After giving you an overview of probiotic strains and species, I told you I’d share 8 probiotic myths.
Many of the topics I’ll share today were follow-up questions from the post last week.
Would you rather listen to this post? Because it’s one of my most popular post, I have recorded it, too.
I didn’t make these 8 probiotic myths up. Kiran Krishnan (I talked all about him in the previous post, giving credentials) gave them to me.
Because of Kiran, I made the switch (and am loving it!) to the Just Thrive Probiotic.
8 Probiotic Myths
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Myth #1: A Probiotic with 50 Billion Cells is Better than 4 Billion Cells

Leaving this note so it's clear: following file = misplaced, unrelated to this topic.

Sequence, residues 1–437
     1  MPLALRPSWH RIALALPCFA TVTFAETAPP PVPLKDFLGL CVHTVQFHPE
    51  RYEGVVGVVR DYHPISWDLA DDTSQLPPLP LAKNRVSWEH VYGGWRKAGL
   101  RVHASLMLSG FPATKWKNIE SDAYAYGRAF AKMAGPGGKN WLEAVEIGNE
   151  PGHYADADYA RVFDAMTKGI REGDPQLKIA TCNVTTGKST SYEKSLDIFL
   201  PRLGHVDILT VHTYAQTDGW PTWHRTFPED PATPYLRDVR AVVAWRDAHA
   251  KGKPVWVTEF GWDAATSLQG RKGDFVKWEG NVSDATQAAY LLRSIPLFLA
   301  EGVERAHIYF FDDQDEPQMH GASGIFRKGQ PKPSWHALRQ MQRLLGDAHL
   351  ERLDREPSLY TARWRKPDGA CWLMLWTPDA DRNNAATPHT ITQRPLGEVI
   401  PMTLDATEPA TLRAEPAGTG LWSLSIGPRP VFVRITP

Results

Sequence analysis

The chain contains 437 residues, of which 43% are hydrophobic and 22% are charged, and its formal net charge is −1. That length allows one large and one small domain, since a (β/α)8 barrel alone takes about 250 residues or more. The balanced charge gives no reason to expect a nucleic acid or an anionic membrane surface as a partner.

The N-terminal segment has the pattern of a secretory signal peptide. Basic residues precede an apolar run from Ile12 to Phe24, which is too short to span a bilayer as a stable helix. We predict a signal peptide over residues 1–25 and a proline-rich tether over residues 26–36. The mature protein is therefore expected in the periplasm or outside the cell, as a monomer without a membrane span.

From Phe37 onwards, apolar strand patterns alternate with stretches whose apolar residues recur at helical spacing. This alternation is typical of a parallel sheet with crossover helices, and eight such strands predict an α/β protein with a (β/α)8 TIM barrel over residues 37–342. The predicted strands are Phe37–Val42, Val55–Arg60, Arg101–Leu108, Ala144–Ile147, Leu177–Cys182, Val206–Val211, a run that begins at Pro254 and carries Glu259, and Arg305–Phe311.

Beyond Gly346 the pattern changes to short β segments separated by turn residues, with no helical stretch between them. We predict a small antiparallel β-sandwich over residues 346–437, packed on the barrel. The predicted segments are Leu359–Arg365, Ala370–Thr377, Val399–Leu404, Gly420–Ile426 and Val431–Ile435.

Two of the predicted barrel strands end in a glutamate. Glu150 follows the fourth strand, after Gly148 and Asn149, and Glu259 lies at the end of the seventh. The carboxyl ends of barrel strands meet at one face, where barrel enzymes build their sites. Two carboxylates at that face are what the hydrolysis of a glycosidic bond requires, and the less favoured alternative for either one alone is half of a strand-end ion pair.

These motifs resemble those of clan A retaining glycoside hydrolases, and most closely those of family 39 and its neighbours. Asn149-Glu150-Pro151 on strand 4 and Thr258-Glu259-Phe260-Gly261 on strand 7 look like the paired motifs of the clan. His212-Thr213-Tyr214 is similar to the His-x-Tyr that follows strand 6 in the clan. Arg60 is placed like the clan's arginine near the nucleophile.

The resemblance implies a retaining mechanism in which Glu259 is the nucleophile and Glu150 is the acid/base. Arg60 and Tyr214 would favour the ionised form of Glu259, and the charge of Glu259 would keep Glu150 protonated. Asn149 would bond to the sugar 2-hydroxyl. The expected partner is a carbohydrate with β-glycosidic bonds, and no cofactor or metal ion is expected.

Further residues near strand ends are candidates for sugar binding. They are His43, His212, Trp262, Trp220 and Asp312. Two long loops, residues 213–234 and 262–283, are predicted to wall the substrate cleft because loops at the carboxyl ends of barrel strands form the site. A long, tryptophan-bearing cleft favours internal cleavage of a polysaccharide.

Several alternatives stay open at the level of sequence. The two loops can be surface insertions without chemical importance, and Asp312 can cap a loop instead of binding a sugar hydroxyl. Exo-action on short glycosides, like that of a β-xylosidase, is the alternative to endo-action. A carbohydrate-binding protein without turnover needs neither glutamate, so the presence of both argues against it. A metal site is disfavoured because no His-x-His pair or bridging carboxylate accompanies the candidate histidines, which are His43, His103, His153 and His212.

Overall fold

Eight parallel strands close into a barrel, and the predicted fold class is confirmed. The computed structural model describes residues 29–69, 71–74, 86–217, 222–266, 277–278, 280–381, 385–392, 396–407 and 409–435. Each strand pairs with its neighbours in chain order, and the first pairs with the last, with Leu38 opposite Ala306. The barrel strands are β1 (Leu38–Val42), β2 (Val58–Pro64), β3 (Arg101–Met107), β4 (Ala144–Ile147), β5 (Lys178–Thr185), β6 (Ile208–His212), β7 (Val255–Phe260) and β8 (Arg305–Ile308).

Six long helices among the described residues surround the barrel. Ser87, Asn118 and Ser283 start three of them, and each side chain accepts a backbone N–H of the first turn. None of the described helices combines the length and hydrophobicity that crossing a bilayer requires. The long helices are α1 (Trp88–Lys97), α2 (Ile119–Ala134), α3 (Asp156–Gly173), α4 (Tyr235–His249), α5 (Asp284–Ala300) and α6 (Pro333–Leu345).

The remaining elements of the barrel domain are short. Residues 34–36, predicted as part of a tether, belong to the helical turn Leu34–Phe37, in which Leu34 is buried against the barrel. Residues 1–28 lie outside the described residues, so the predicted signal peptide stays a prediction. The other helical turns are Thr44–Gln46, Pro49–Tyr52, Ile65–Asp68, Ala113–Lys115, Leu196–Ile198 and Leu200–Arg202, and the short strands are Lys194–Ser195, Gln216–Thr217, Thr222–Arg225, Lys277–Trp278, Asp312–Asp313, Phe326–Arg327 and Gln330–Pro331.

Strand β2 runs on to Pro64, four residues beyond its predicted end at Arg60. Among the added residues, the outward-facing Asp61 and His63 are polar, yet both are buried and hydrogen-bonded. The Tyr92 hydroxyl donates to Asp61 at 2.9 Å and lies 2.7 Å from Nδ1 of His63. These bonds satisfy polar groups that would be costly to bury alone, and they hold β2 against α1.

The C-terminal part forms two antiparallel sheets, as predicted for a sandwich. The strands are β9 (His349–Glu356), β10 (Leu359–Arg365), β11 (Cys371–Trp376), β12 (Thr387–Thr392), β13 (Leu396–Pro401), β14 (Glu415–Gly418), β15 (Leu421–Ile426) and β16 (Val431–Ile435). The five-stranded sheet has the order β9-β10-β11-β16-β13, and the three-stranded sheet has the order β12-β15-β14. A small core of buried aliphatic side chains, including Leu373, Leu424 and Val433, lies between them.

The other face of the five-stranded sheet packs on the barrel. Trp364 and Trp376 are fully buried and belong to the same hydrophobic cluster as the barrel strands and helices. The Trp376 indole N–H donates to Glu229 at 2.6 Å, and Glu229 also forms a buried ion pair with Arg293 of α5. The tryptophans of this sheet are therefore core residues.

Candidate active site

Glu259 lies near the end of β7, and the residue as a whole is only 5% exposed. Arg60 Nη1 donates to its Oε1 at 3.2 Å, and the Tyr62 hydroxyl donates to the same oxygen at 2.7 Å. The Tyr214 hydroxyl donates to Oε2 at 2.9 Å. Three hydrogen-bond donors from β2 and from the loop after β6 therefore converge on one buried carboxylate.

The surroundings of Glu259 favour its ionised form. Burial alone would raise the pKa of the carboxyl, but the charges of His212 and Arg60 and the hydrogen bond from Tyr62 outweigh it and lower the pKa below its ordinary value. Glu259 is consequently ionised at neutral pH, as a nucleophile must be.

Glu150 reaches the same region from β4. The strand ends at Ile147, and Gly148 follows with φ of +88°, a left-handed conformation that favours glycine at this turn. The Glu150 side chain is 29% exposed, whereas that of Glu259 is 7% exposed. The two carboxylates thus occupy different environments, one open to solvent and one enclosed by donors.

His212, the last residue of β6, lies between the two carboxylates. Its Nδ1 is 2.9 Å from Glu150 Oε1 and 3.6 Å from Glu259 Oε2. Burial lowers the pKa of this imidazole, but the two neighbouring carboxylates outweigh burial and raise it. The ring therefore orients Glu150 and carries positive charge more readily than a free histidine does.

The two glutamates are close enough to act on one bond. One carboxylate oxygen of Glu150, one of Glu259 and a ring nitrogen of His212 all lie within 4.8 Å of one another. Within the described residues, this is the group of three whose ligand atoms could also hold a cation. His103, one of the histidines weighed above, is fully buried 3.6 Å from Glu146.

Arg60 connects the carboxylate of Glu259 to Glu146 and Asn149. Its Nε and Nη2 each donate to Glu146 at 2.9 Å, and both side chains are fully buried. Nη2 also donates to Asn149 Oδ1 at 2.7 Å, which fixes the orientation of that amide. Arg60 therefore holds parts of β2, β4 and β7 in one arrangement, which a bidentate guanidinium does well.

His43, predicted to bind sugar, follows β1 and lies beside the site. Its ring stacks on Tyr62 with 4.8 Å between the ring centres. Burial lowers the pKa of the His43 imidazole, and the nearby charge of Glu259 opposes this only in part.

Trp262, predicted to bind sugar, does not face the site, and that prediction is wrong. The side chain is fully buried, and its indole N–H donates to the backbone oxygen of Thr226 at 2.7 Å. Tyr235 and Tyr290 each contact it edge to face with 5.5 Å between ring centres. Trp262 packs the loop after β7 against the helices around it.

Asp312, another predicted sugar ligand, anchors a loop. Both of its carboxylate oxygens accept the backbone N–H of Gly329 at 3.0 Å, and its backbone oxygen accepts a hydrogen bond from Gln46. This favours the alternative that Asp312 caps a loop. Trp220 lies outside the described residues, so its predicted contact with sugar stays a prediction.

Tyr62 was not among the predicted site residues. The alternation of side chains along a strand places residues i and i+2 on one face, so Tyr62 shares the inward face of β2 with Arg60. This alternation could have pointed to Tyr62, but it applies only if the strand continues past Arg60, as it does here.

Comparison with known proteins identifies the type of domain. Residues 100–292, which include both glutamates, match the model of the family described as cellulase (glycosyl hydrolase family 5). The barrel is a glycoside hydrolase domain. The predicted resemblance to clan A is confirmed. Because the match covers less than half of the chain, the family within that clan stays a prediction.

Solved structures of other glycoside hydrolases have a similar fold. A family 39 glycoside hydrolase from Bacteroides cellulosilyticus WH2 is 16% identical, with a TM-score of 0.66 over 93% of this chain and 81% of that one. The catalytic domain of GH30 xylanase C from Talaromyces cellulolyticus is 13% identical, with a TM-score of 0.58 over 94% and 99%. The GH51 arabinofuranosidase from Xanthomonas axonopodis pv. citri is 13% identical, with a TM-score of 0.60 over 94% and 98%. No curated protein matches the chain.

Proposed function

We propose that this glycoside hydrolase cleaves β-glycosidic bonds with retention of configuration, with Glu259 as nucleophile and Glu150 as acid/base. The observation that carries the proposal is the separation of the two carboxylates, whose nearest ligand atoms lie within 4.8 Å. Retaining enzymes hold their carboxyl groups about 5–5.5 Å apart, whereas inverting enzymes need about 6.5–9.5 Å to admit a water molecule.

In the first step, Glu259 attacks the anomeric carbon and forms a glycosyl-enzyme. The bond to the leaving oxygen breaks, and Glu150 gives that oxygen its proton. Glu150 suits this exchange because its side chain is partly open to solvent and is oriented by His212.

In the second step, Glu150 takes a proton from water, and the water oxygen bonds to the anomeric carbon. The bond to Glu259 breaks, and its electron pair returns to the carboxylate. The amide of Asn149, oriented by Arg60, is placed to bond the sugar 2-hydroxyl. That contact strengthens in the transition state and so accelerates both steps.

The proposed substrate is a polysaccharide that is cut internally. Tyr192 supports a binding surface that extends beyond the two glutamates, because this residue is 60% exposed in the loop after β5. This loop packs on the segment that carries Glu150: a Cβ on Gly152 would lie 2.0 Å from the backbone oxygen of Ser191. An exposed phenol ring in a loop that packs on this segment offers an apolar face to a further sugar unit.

FALSE. In microbiological terms, more is NOT always better. Having 50 billion CFUs in a probiotic is only helpful if you can confirm that 50 billion CFUs are surviving in the digestive tract.
Unfortunately, survivability studies with some of the leading probiotics (as high as 250 billion CFUs) indicate that more than 99% of the strains cannot survive digestion.
While Lactobacillus or Bifidobacter do reside in our gut, commercially produced strains are shockingly poor stomach survivors and gut colonizers. This explains why so many people find common probiotics ineffective.
Look at your probiotic ingredient label. If the strains start with the word Bacillus, those are the hardy spore bacteria which have the ability to survive digestive acids and immediately begin healing your gut. Anything else indicates a fragile, non-spore strain.
Myth #2: You Need a Probiotic with at Least 15 Different Strains